We understand gender transformative approaches (GTAs) as activities that aim to go beyond the symptoms of gender inequality to address underlying and structural causes of gender inequalities – formal and informal – and to challenge power relations and structural barriers at and across multiple levels. They are activities that are locally led through collective action and leadership, are adaptive and responsive to local needs and priorities, recognize the multiple and intersecting forms of discrimination, and should facilitate trust, ownership, visioning, and critical reflection.

The Women’s Resource Rights Initiative is a project that has utilized these tools successfully.  Collaborating with Alliance Biodiversity International – CIAT and the International Food Policy Research Institute (IFPRI), CIFOR-ICRAF has worked in Bangladesh, Colombia, Ethiopia, The Gambia, Kyrgyzstan, and Uganda to identify opportunities to integrate gender-transformative approaches.

The three-year initiative, which is supported by the International Fund for Agricultural Development (IFAD), co-designs and deploys GTAs that promote the recognition and protection of women’s land and resource rights by engaging key stakeholders, building capacities, and informing policy.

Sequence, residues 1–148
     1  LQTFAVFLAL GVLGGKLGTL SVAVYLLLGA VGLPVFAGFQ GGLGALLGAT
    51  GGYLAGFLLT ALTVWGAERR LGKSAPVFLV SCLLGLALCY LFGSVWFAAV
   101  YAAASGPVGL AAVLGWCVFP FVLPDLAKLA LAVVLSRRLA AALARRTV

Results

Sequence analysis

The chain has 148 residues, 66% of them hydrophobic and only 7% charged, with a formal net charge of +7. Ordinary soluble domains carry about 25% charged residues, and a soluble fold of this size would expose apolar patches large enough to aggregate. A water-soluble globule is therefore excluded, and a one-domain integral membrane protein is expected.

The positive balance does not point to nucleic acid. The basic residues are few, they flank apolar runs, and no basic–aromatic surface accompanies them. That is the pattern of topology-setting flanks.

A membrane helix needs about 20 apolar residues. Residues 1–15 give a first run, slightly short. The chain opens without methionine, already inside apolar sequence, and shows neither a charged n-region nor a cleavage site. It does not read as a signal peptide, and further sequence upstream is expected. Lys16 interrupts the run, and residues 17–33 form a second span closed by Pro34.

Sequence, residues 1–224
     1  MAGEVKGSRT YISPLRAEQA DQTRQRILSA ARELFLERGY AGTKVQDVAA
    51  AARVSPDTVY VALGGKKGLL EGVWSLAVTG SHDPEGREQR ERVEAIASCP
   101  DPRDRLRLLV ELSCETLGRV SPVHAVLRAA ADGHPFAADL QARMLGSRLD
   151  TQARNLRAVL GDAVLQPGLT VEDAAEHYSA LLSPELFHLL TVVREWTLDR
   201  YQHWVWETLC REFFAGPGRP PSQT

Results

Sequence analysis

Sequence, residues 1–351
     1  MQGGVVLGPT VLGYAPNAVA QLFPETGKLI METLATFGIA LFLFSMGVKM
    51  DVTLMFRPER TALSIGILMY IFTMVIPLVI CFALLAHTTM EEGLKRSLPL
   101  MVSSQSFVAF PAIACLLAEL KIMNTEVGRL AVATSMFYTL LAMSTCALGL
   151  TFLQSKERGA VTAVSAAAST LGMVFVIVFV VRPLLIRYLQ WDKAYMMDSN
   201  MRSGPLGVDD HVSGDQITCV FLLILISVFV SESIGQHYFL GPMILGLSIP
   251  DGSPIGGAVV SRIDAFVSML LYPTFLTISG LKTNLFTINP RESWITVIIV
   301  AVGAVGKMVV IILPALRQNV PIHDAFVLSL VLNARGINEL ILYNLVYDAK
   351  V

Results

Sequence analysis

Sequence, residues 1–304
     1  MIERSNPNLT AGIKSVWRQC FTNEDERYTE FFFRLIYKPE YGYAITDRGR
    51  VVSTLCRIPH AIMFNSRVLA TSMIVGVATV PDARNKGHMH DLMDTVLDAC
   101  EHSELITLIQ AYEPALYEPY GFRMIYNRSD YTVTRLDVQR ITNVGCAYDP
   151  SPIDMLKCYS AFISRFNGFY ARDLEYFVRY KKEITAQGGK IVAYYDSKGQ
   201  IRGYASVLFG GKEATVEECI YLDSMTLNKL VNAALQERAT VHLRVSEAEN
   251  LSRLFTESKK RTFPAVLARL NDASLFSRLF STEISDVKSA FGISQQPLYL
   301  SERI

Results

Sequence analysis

This project co-created tools and adapted tools depending on project phase and context to address the underlying causes of insecure women’s land and resource tenure. Examples included legal and human rights training, community dialogue facilitation tools for project implementers, masculinities training, financial literacy programmes, and visioning for the future.

Another project that uses GTAs to achieve strategic development objectives is funded by UK PACT, a United Kingdom government initiative, and aims to tackle widespread land degradation in Kenya.

The project addresses land degradation, climate change, biodiversity loss and poverty through nature-based solutions, including planting the right trees in the right place for the right purpose, farmer-managed natural regeneration (FMNR), soil and water conservation, agroecology, and other restoration practices, while strengthening environmental monitoring frameworks in Kenya.

It addresses gender not only as a consideration throughout all activities, but also directly and separately.